The human body is an incredibly complex system, and since the days of Hippocrates, man has struggled to work out what exactly his gut and his brain have to do with his health, and whether perhaps the two are connected somehow. The parallels between the gut and brain immune systems are too self-evident to deny. These similarities extend to the actual structures, mechanisms and even biochemistries of the two systems: the gut immune barrier (GIB) and the blood-brain barrier (BBB). Bidirectional signaling between the brain and gut has been confirmed by numerous studies. In fact, this communication between the gut and brain is ongoing from birth, and plays a significant role in shaping how the brain is wired. Studies have linked gut microbiota dysbiosis to brain-linked disorders such as depression, anxiety, multiple sclerosis and autism. There is an awareness now that neurodegenerative diseases may not exclusively have a neurological trigger. Uncontrolled chronic inflammation, disturbances in the gut microbiota and other gastrointestinal-related dysfunctions open the intestinal barrier “leaking” inflammatory agents into the bloodstream. Inflammation from circulating gut-derived lipopolysaccharides, for example, open the BBB and have been linked to neurodegenerative disorders. A spotlight has been focused on the role of intestinal barrier function in the pathogenesis not just of gastrointestinal diseases but of autoimmune, neuroautoimmune and neurodegenerative ones as well. Using predictive antibodies opens the possibility of prevention, amelioration and even reversal of autoimmune disorders, both gastrointestinal and neurodegenerative, through treatment modalities involving the repair of the GIB and BBB, thus restoring their functionality and harmony throughout the body from inside to outside.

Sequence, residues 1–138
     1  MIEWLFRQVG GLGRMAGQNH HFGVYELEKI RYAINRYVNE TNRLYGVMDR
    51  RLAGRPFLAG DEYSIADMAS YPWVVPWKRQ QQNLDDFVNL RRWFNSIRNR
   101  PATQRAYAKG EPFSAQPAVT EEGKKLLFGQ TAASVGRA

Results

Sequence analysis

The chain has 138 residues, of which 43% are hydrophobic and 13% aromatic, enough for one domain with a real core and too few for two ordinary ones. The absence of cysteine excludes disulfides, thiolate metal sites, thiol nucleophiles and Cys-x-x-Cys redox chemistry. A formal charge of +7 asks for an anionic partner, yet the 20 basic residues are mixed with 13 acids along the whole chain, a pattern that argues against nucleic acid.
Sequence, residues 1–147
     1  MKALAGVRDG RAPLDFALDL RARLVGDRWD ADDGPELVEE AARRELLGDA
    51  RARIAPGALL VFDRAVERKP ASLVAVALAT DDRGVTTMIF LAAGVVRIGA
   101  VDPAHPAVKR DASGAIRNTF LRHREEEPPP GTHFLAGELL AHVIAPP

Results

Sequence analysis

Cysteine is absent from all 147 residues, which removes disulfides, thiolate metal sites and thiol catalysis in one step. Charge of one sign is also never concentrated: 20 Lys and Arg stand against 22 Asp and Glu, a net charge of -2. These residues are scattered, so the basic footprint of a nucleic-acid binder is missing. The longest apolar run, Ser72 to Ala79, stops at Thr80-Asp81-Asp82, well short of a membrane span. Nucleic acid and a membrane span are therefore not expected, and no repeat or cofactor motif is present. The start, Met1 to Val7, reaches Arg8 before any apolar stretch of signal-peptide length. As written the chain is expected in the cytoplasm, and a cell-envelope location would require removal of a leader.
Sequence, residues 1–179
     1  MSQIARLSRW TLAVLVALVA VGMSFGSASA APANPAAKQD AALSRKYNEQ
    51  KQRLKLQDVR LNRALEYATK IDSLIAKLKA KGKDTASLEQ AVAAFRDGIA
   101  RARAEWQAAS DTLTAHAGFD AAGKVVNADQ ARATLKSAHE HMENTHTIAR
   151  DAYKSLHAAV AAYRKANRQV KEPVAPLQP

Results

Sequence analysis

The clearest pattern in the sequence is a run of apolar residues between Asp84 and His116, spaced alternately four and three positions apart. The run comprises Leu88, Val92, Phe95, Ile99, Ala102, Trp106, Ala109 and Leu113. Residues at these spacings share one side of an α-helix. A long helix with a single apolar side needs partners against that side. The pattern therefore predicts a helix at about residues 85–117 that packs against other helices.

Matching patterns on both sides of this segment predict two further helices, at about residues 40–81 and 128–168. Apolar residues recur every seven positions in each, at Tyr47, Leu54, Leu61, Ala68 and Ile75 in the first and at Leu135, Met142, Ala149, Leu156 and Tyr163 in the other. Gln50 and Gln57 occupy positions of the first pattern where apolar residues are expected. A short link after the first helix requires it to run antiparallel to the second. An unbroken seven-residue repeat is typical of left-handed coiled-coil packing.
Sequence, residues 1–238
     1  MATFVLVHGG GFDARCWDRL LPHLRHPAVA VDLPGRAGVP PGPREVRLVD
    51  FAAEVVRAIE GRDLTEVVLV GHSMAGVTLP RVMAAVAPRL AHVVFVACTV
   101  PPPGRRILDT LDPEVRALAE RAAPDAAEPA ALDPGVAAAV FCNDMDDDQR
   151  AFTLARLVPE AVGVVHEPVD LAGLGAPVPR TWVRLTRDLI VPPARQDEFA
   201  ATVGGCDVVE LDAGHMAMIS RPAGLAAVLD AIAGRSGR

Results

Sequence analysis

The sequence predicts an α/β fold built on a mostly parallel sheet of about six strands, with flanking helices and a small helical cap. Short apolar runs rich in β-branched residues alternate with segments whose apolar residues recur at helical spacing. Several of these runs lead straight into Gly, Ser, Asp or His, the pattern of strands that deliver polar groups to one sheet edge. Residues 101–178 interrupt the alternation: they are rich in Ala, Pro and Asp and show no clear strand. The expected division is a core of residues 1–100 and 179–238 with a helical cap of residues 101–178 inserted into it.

Conditions commonly treated:
- Digestive Issues (Celiac's, Crohn's, Ulcerative Collitis, IBS, etc)
- Thyroid Problems
- Skin Issues (Eczema, Psoriasis, etc)
- Hormonal Imbalances (PCOS, Menopause, Pre-Menopause, etc)